Practical Memories: One Teacher’s Attempt at Cultivating Potential

 

This post is a continuation of “A Herbal Beginning.” 

   The years I spent in high school were a lowlight for me–all four years. Every day was a struggle, largely due to the machinations of a series of nefarious women who would—absurdly—assume the “stepmother” moniker and who were adept in their ability to at once ignore me and rebuke me.
     I had always wanted to be a zoologist—but my math and science grades were not much above rubbish. All ninth graders were required to take a typing course, and I excelled in it. Based on my good grades, I was encouraged to enroll in additional courses, such as office procedures, shorthand and general business. Almost every course I took was taught by one particular teacher.

Almost every course I took was taught by one particular teacher.


     Mrs. Horton was in her forties, as far as I could determine, and I quickly grew to love her teaching style. But not everyone liked her, and many times before she would arrive for the start of class, the catty and cruel comments, ranging from her hair style to the fact that she was childless, would morph and proliferate into vindictive rumors. Consequently, she would spend several minutes at the beginning of the next day’s class addressing the rumor with a personal story in the hopes of ending the roundabout, but her stories, as harmless as they were, only seemed to provoke and enrage those who held grudges.
     For those of us who liked and admired her, she was our champion, encouraging and uplifting, and she seemed truly happy with her choices. When Mrs. Horton offered her reason for a child-free life—she and her husband deliberately chose to not bring children into such a tumultuous world—I felt sorry for her and envious at the same time.
     My ordeals at this point, as I realize now, prevented me from developing passions and interests, and I suppose my exposure to the world of herbs was my first attempt to abandon my mental malaise and embrace something productive and beneficial. They were something I could nurture, and their growth—from seed or seedling to full-grown plant—was the only gift I needed in return. And all because I gave them a home in some dirt in full sun and made sure they were never parched.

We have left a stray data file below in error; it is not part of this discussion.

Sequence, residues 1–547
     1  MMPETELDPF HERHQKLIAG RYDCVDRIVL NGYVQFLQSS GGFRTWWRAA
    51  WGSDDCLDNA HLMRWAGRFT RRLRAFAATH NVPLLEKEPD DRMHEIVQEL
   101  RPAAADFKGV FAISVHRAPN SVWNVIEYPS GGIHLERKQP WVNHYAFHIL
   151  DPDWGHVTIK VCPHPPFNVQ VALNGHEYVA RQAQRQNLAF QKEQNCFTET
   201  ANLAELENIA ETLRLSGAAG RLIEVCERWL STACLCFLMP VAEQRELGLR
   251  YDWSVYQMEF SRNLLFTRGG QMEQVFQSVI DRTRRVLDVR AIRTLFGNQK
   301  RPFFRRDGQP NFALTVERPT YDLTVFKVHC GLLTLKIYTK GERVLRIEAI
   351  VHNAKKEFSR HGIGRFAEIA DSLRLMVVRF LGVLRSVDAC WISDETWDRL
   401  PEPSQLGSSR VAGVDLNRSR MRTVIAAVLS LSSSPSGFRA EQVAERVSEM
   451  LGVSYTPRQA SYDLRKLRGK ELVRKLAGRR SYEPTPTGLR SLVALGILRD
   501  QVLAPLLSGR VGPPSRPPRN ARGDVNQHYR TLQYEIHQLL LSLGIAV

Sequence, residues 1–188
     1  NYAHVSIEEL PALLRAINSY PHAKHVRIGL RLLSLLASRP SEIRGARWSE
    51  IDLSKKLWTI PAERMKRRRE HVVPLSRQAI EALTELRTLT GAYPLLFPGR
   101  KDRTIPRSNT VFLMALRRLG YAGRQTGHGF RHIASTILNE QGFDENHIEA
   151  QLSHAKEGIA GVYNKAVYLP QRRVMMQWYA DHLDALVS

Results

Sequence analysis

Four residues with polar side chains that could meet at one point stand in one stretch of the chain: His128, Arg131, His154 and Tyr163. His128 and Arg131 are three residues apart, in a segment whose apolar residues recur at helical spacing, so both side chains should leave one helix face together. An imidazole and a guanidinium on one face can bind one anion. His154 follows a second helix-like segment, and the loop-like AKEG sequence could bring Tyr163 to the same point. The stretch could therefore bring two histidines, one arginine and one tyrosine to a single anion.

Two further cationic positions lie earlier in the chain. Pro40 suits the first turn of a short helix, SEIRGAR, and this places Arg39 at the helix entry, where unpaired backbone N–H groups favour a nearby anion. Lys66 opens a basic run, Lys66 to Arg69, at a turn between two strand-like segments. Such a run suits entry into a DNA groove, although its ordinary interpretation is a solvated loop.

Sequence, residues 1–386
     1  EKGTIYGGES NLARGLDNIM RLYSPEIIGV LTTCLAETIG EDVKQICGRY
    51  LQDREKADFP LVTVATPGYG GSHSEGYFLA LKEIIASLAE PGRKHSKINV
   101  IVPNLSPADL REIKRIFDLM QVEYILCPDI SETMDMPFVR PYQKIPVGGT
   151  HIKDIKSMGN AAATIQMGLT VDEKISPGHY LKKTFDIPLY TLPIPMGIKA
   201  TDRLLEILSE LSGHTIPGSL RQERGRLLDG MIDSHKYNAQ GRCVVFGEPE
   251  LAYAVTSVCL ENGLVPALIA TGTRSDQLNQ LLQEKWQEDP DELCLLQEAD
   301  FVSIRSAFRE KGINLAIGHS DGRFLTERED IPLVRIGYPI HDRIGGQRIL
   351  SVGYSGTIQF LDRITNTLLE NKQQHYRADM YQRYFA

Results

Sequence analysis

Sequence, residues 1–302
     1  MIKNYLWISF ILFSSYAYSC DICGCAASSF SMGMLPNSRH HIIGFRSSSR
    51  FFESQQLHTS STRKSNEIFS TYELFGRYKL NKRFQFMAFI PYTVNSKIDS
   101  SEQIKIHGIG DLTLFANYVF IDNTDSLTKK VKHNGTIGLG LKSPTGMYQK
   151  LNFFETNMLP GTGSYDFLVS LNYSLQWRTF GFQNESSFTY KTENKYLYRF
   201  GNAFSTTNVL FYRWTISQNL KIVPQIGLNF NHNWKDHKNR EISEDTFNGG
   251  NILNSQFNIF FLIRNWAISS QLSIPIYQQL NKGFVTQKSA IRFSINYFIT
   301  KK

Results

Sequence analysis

I gave them a home in some dirt…


     By the time I had discovered the world of herbs, Mrs. Horton and I had become “friends” as much as a teacher and student can be. A few of us—those who liked her and respected her teaching talents—would occasionally be invited to her house to swim. When her husband built a greenhouse for his wife, my time was spent there instead of the pool, and I vowed to have one of my own someday (next year, my husband promises me).
     When I needed a small plot of garden overturned, Mrs. Horton’s husband readily agreed to my request for the use of his rototiller, and I remember sitting on the grass and talking with my favorite teacher and friend while he dug into the earth. She listened to me, and that alone satiated my need to matter—to be relevant.
     Mrs. Horton encouraged me to enroll in progressively advanced typing and shorthand classes, but by the time I was a senior, my interest in this course of study waned. After a four-month secretarial stint at a local middle school ended, one in which I was a “secretary” for a counselor, I had little desire to pick up a pad and pen again. I no longer wanted to be a secretary.

I no longer wanted to be a secretary.


     Unfortunately, typing and shorthand were my only areas of expertise, so, with Mrs. Horton’s urging, I enrolled in a local college’s secretarial program. But after my first year, I switched my major to Psychology, and I felt better about my new curriculum.
     A few months into my new major, a friend mentioned that Mrs. Horton had been disappointed upon hearing I had changed my field of study. I had lost touch with my former teacher due to my classes and my job, and now I felt sorry that I had not talked with her first.
     In the end, my efforts to redirect my goals were misspent, for the next year my funds dried up, and I had to drop out of college. Once again, the only thing I could do reasonably well—type and take dictation—would guide my choice of “career.” I felt trapped, with no meaningful prospects, and I suffered under someone’s heel for years.
     I never spoke with Mrs. Horton again, and I am the poorer for it.
     These memories swirl about as I weed between the lemon balm, chives, oregano and sage.

These memories swirl about as I weed between the lemon balm, chives, oregano and sage.

She was at once my counselor and supporter and a teacher of academics and of diligence. She tried her best with me, and my grades at graduation, while not brilliant, offered me a practical leg up, but I allowed my objectives to fade away until they became nothing more than wishful thinking. I would enroll in college again, but not until much later.
     Such as it was until my daughter was born, but that is another story altogether.

Feature Image by Melk Hagelslag from Pixabay 
Typewriter Image by DarkWorkX from Pixabay 
Rake Image by Dean Moriarty from Pixabay 
Sage Image by kathleenjae.com

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